Why the 960-grid exists
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If you are a web designer you will probably use it in your web designs or at least have heard about the 960-grid for (Cascading Style Sheets) CSS in web design.
Some of you might wonder: "Why do we have a 960 grid?" Why not a 850, 900, 950 or 1000 grid system? What is so special or unique about this number 960 versus all the other dimensions that it seems everybody is using it?
It is a binary world
The secret lies in the fact that a web page is a computer generated page and that means binary code. More importantly it is about the pixels with one pixel as the smallest unit.
What is binary again, you ask?
In simple terms and to stay focused on our question and problem at hand we keep it simple. Binary means we have always a multiplication of 2 (two) beginning with 1 (one). Look at this:
- 1 - 2 - 4 - 8 - 16 - 32 - 64
- 32 + 64 = 96 * 10 = 960
- I think you already know where this is going.
The nice thing about this is that the numbers in this sequence when divided always end up in 10 (ten). You can have a grid with a lot of segments that will nicely fit and work with the pixels in web page.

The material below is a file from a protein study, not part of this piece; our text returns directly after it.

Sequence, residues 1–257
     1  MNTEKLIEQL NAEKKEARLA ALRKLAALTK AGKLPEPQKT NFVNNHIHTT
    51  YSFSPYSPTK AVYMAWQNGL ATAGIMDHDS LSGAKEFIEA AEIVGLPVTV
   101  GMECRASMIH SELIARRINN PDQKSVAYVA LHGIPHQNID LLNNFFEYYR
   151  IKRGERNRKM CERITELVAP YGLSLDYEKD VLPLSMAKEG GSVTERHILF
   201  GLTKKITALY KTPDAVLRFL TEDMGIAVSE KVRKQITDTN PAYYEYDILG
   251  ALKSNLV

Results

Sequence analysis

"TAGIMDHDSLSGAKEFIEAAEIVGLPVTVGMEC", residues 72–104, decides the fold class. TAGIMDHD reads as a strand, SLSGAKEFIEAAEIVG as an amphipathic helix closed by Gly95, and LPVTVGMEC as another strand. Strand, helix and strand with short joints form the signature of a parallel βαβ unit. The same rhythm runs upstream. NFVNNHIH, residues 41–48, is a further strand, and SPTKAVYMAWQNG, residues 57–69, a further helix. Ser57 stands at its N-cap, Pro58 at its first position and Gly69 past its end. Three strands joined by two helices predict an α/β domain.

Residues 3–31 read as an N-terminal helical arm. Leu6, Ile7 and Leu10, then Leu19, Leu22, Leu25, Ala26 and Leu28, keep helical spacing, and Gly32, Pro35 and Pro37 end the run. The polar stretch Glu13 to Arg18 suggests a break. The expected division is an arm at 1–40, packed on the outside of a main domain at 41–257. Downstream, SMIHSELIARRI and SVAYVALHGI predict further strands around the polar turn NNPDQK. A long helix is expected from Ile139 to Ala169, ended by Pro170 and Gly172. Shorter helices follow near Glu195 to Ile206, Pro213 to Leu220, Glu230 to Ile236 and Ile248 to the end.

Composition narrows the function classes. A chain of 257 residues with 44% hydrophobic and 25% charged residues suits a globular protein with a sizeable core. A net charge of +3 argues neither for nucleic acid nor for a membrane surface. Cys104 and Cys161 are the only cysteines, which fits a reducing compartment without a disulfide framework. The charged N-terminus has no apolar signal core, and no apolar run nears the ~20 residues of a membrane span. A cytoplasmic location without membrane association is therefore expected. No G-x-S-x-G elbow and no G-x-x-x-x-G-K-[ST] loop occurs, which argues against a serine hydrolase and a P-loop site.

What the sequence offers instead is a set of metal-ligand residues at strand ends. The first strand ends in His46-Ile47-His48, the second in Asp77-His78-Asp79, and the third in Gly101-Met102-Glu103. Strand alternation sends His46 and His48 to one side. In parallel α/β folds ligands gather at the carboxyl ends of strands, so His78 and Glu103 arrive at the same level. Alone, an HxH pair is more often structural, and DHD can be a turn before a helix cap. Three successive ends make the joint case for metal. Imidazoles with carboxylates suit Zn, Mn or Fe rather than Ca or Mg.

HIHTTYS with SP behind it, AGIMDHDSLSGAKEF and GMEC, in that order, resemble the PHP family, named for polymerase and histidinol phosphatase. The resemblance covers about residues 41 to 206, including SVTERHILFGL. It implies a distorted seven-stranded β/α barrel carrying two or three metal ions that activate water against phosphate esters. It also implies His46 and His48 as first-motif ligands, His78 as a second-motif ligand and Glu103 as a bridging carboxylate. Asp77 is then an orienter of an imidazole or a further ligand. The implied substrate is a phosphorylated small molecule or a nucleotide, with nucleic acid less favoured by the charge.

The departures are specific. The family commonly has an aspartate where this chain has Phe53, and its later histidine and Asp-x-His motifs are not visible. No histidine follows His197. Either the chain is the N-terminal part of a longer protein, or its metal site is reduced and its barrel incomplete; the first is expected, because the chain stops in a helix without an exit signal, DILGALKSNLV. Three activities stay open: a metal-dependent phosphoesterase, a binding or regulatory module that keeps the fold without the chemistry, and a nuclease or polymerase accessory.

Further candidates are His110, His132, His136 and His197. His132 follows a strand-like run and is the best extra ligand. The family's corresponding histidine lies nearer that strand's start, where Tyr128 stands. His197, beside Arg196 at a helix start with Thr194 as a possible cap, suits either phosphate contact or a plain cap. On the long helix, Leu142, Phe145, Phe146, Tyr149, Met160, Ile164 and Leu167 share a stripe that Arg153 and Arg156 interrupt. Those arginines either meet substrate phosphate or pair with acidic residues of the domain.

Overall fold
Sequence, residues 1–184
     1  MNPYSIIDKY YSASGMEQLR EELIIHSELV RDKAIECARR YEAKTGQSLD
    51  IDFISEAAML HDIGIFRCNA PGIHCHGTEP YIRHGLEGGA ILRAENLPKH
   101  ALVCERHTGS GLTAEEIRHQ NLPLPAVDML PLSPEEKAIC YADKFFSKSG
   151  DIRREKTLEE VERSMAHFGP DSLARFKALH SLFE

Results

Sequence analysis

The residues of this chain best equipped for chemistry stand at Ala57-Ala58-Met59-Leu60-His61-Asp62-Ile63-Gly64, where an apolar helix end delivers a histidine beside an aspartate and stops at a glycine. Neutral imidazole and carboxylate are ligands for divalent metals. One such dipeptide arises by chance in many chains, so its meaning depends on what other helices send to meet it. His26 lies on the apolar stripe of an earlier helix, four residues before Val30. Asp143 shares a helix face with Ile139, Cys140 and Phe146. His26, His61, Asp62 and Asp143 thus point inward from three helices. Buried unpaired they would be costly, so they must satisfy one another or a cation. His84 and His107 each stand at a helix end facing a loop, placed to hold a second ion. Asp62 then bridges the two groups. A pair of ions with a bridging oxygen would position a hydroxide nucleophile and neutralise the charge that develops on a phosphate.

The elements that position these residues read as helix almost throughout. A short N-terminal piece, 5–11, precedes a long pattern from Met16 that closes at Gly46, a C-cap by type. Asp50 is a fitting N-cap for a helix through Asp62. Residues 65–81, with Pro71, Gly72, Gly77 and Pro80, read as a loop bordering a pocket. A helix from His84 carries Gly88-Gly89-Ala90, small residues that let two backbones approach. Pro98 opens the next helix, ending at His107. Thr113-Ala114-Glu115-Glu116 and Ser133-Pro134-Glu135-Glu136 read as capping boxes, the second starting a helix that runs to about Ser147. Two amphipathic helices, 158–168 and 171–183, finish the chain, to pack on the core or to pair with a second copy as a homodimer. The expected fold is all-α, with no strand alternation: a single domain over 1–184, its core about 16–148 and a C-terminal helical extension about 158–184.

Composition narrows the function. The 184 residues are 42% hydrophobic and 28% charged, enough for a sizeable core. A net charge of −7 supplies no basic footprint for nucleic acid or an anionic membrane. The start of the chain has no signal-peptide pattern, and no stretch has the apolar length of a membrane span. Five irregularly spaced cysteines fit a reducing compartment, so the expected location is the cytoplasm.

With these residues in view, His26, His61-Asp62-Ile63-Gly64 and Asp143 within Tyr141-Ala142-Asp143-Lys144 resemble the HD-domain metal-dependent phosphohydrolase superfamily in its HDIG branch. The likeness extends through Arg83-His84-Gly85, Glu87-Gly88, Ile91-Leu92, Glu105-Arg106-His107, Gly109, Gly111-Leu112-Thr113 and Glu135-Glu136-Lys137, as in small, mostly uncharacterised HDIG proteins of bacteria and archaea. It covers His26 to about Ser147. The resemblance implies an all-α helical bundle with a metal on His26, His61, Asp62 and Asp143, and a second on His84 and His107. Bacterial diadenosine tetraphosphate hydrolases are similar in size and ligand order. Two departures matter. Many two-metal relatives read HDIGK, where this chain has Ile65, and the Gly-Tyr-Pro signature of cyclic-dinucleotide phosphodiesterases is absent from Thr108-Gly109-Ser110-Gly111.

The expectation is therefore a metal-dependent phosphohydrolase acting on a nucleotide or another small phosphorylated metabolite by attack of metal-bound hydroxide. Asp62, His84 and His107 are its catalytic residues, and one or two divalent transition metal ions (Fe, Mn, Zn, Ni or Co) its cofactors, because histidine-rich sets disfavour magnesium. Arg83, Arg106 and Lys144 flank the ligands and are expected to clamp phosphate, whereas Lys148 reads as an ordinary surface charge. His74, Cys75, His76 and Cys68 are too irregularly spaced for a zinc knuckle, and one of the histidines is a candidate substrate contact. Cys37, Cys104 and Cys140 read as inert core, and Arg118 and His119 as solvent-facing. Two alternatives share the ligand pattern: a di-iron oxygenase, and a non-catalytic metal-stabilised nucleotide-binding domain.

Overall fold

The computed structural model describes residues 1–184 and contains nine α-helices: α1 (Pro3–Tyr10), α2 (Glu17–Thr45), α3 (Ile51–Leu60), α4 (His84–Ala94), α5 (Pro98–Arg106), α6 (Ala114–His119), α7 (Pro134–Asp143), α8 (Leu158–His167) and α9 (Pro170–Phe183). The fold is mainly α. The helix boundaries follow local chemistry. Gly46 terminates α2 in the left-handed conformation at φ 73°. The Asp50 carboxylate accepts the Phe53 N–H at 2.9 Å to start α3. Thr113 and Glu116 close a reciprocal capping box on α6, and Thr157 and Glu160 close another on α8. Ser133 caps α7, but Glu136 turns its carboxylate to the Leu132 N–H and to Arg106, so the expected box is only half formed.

It begins and ends with 1 pixel
So, this is the real great thing about the 960 grid. We take either two or three columns as the starting grid, i.e. [320+640] or [3 x 320]. Then we can split these columns in two and go on until we end up at ten pixel (or actually 5 pixels)—because it all begins with one unit of 10 pixels. Whatever we do we have an even distribution in 10 pixel steps.
Even better, of course, would be a 1280 pixels grid but this would be too big for the real estate of most monitors. When a monitor has more pixels in width it usually is also bigger in inches and the user prefers to make the browser (viewport) smaller.